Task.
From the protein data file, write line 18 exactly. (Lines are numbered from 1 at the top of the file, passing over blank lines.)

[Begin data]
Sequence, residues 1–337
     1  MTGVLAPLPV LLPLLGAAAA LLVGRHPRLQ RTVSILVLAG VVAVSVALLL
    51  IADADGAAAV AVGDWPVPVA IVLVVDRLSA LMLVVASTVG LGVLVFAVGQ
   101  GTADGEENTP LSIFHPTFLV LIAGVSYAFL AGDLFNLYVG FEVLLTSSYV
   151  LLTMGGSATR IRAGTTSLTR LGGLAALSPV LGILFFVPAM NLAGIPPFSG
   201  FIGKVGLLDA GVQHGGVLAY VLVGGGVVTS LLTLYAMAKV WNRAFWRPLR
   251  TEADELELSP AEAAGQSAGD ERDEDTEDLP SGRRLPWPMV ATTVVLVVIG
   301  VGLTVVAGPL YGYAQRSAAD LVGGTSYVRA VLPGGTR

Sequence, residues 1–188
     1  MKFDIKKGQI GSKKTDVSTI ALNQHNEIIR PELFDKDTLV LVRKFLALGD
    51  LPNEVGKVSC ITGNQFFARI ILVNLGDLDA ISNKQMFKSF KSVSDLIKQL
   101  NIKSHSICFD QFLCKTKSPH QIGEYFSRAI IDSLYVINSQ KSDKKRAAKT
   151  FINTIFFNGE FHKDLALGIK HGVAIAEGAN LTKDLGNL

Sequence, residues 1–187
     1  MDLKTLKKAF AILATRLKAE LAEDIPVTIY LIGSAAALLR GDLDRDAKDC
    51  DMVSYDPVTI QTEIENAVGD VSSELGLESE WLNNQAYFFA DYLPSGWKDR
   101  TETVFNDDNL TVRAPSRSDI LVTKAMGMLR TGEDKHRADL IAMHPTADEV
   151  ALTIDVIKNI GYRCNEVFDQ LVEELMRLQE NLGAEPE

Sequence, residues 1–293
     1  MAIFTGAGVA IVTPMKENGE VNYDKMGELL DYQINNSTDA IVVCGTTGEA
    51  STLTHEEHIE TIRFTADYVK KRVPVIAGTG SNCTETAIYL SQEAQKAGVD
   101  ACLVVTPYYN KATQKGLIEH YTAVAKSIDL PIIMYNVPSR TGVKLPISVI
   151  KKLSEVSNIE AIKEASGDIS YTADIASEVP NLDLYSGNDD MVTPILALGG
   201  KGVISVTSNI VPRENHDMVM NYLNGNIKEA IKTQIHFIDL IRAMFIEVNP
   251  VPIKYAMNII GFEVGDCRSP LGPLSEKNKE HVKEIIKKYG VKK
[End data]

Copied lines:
   151  ALTIDVIKNI GYRCNEVFDQ LVEELMRLQE NLGAEPE